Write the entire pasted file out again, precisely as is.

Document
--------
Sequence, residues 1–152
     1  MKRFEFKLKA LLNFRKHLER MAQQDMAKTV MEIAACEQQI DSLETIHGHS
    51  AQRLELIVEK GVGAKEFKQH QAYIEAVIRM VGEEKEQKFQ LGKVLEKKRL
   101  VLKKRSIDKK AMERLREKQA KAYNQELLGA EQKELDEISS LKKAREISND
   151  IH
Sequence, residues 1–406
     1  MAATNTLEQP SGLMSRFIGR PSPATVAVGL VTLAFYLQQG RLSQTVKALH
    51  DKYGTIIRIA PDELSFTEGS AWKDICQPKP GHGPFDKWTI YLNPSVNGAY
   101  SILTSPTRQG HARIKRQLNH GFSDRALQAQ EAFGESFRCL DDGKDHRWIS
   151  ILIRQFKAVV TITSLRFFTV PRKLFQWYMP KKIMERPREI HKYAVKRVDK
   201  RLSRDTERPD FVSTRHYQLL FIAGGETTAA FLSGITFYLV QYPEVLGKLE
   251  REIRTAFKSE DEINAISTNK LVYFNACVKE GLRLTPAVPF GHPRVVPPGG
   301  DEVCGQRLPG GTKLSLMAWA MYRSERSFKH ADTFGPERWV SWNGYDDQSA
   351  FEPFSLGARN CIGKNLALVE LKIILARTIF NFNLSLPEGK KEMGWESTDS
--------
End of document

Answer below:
Sequence, residues 1–152
     1  MKRFEFKLKA LLNFRKHLER MAQQDMAKTV MEIAACEQQI DSLETIHGHS
    51  AQRLELIVEK GVGAKEFKQH QAYIEAVIRM VGEEKEQKFQ LGKVLEKKRL
   101  VLKKRSIDKK AMERLREKQA KAYNQELLGA EQKELDEISS LKKAREISND
   151  IH
Sequence, residues 1–406
     1  MAATNTLEQP SGLMSRFIGR PSPATVAVGL VTLAFYLQQG RLSQTVKALH
    51  DKYGTIIRIA PDELSFTEGS AWKDICQPKP GHGPFDKWTI YLNPSVNGAY
   101  SILTSPTRQG HARIKRQLNH GFSDRALQAQ EAFGESFRCL DDGKDHRWIS
   151  ILIRQFKAVV TITSLRFFTV PRKLFQWYMP KKIMERPREI HKYAVKRVDK
   201  RLSRDTERPD FVSTRHYQLL FIAGGETTAA FLSGITFYLV QYPEVLGKLE
   251  REIRTAFKSE DEINAISTNK LVYFNACVKE GLRLTPAVPF GHPRVVPPGG
   301  DEVCGQRLPG GTKLSLMAWA MYRSERSFKH ADTFGPERWV SWNGYDDQSA
   351  FEPFSLGARN CIGKNLALVE LKIILARTIF NFNLSLPEGK KEMGWESTDS